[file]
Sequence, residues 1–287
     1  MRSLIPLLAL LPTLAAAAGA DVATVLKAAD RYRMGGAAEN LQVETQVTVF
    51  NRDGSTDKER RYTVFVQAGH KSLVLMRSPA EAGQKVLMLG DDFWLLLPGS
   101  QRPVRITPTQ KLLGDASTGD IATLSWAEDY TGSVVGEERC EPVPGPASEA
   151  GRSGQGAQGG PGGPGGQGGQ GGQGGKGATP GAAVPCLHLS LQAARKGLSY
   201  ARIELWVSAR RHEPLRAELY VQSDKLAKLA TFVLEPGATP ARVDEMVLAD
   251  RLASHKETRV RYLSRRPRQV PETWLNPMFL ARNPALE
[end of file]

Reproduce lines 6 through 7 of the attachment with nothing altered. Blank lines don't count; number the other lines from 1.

   201  ARIELWVSAR RHEPLRAELY VQSDKLAKLA TFVLEPGATP ARVDEMVLAD
   251  RLASHKETRV RYLSRRPRQV PETWLNPMFL ARNPALE